The VA’s recent statement regarding the hiring of counselors gives us hope. However, other statements by the VA made just last week–indicating that they do not see a “national need” to establish traineeship positions for LPMCs, and implying that they do not consider LPMHCs to be mental health clinicians–give cause for skepticism. Ultimately, actions speak louder than words. ACA will continue working with Congress, other concerned organizations, and veterans service organizations to ensure that the VA finally begins recognizing the counseling profession.
ACA is continuing to collect anecdotal evidence of counselors’ experience in attempting to find mental health clinician positions at VA facilities. Please share any experiences you have on this issue with Art Terrazas of ACA’s public policy staff, at email@example.com.
You can read the VA’s press release by clicking here.
Mental Health Issues Among Gay, Lesbian, Bisexual, Transgender People
Xiomara A. Sosa, XAS Founder
According to the National Institute on Mental Health, an estimated 26% of adults 18 and older, or 1 in 4 Americans, experience a mental health issue in a given year.1 Just like everyone else, gay, lesbian, bisexual, and transgender (GLBT) people also experience mental health issue.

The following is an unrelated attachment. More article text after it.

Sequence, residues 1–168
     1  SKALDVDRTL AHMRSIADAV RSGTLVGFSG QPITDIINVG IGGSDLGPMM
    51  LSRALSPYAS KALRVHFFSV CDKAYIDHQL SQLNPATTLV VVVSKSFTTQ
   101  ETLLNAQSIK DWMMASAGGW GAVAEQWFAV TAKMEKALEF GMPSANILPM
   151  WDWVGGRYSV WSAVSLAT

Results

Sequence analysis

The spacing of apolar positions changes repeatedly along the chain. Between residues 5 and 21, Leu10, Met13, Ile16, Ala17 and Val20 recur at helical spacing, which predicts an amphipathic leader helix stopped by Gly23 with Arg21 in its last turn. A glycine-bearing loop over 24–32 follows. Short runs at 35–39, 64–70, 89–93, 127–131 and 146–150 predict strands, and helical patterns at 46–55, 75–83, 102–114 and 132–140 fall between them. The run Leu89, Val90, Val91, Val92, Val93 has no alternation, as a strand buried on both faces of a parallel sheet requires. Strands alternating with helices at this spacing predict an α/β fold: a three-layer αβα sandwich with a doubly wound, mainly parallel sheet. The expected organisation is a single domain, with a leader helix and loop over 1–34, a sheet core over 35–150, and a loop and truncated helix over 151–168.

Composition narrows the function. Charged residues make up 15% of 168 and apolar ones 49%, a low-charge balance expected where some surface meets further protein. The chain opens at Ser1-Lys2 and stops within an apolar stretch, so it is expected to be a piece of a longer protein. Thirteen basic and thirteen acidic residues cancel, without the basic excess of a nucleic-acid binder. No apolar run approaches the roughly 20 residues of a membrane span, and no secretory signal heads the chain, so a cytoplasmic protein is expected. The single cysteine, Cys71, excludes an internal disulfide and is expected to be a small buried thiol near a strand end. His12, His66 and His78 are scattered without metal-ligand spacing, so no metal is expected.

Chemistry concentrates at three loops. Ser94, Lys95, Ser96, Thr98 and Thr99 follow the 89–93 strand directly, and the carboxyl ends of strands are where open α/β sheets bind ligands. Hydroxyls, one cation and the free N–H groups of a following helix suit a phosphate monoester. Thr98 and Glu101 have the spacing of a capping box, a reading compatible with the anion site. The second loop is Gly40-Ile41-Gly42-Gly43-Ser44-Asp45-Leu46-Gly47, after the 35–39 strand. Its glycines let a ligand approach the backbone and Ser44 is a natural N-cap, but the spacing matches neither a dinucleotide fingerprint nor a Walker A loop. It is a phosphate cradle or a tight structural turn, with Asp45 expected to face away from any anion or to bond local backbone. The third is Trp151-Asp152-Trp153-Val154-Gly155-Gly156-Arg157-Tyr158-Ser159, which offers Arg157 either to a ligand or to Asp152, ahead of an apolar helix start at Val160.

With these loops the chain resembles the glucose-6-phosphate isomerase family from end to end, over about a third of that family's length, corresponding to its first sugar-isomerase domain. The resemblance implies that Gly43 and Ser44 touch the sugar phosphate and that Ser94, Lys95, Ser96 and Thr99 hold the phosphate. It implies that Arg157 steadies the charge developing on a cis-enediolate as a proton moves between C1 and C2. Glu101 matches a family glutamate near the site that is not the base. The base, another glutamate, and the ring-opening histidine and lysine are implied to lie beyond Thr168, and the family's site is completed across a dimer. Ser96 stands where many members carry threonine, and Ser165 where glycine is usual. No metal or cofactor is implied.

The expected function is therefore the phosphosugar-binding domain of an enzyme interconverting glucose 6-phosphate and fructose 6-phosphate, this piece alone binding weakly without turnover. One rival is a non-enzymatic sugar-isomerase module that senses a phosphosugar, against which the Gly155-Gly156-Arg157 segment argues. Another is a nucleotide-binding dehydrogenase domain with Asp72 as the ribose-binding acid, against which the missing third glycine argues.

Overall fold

First and foremost, however, we must remember that being gay, lesbian, bisexual, or transgender is not a mental illnss in and of itself. Just because someone is GLBT doesn’t automatically mean that they will experience a mental illness. According to the American Psychological Association: “Homosexuality per se implies no impairment in judgment, stability, reliability, or general social and vocational capabilities. Further, the American Psychological Association urges all mental health professionals to take the lead in removing the stigma of mental illness that has long been associated with homosexual orientations.” 2 However, GLBT people may face unique risks to their mental health and well-being, which mental health providers should be aware of.
Most research suggests that GLBT people are likely to be at higher risk for depression, anxiety, and substance use disorders.3-5 One study found that GLB groups are about two-and-one-half times more likely than heterosexual men and women to have had a mental health disorder, such as those related to mood, anxiety, or substance use, in their lifetime.4 In a national study comparing GLB and heterosexual groups, researchers found that gay and bisexual men were more likely to report major depression and panic disorder in the previous twelve month period. Lesbian and bisexual women were more than three times as likely to have experienced generalized anxiety disorder.5